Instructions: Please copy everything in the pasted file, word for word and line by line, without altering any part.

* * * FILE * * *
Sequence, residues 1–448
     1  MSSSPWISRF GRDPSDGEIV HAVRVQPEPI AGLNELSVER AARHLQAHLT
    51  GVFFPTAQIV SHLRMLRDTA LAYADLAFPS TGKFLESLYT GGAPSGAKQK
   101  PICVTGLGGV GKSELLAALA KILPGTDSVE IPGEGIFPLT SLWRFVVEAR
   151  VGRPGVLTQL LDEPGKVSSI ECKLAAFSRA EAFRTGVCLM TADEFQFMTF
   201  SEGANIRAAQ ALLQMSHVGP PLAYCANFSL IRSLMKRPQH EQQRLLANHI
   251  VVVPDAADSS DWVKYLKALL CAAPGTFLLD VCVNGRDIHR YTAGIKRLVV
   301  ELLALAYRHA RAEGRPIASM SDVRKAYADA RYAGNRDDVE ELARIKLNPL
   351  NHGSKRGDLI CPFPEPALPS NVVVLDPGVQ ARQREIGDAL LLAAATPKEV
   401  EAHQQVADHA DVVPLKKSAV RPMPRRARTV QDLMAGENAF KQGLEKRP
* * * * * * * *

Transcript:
Sequence, residues 1–448
     1  MSSSPWISRF GRDPSDGEIV HAVRVQPEPI AGLNELSVER AARHLQAHLT
    51  GVFFPTAQIV SHLRMLRDTA LAYADLAFPS TGKFLESLYT GGAPSGAKQK
   101  PICVTGLGGV GKSELLAALA KILPGTDSVE IPGEGIFPLT SLWRFVVEAR
   151  VGRPGVLTQL LDEPGKVSSI ECKLAAFSRA EAFRTGVCLM TADEFQFMTF
   201  SEGANIRAAQ ALLQMSHVGP PLAYCANFSL IRSLMKRPQH EQQRLLANHI
   251  VVVPDAADSS DWVKYLKALL CAAPGTFLLD VCVNGRDIHR YTAGIKRLVV
   301  ELLALAYRHA RAEGRPIASM SDVRKAYADA RYAGNRDDVE ELARIKLNPL
   351  NHGSKRGDLI CPFPEPALPS NVVVLDPGVQ ARQREIGDAL LLAAATPKEV
   401  EAHQQVADHA DVVPLKKSAV RPMPRRARTV QDLMAGENAF KQGLEKRP